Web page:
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An auto equity loan is similar to a home equity loan, but you use the value of your vehicle instead of your home to get a loan, then pay it back with interest.
Like all secured loans, auto equity loans carry risk: If you don’t make your loan payments, the lender can repossess your car. If you use your car to get to work or school, the hardship of repossession is obvious. In some cases, the lender can also hurt your credit if it reports your missed payments to the credit bureaus.
With these risks to your financial stability in mind, we recommend auto equity loans solely for emergency situations — and even then, there are usually better options for fast cash.
Where to find auto equity loans
Most community banks and some credit unions offer auto equity loans. The rates for such loans depend on your credit score, credit history and the value of your car.
The four largest banks in the country by deposits — Bank of America, Chase, Citibank and Wells Fargo — do not offer auto equity loans, but some smaller banks do.
At federal credit unions, the maximum annual percentage rate that can be charged on such loans is 18%, although there may be extra application fees.
You could qualify for an auto equity loan from a lender other than a community bank or credit union. Such lenders, many of which operate online, offer secured loans with a maximum APR of 36% and two- to five-year repayment terms. Regulators and consumer advocates say 36% is the upper limit of an affordable loan.
Another lender, Finova Financial, extends auto equity loans to borrowers with credit scores that are even lower, but it has fees in addition to its stated APR that makes the loan more expensive.
Compare auto loans
Other ways to borrow against your car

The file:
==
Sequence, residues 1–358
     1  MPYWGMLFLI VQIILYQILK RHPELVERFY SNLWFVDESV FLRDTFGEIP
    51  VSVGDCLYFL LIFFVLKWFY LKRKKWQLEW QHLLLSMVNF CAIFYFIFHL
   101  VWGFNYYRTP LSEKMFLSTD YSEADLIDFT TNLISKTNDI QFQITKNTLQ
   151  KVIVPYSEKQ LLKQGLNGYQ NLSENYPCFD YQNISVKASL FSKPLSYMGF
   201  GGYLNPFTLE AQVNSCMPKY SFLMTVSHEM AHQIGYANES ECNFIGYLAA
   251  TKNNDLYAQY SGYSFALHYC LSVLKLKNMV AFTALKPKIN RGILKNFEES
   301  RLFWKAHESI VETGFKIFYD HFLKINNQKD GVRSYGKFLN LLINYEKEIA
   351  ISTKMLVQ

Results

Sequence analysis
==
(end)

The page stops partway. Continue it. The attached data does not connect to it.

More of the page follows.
Auto loan refinancing
Refinancing an auto loan makes sense if interest rates drop, or if you’re unable to keep up with loan payments. Some lenders also offer cash-out auto refinance loans, which let you take a new auto loan for a higher amount than what's left on your original loan. That amount varies by lender and usually depends on how much equity you have in your car. The new loan replaces the original and you keep the extra cash.
Auto title loans
Auto title lenders provide quick cash in exchange for holding the title of your car as collateral, without checking your credit. This means you can get a loan even if you have bad credit, but it also means you may be at a higher risk for defaulting.
Similar to payday loans, car title loans carry very high interest rates — around 300% — and are usually due in a short time period, typically 30 days. A high percentage of auto title loan borrowers end up having to extend their loans, according to a report by the Consumer Financial Protection Bureau, incurring additional fees and raising the risk of repossession.
Remember car insurance
No matter which type of auto equity loan you choose, lenders typically require proof of comprehensive and collision insurance coverage. If your car is paid off, you may have chosen to carry only liability insurance — which is mandatory in most states — and dropped comprehensive and collision insurance.
If that’s the case for you, auto equity lenders may offer you the option to purchase a form of insurance, known as a “debt cancellation addendum” or simply “credit insurance,” that covers your loan payments if your car is damaged, you lose your job or have an injury. Unlike comprehensive and collision insurance, credit insurance does not cover the cost of repairing your car.
Credit insurance can be expensive, and it is not included in the total cost of your loan. It’s usually cheaper to take out comprehensive and collision insurance instead.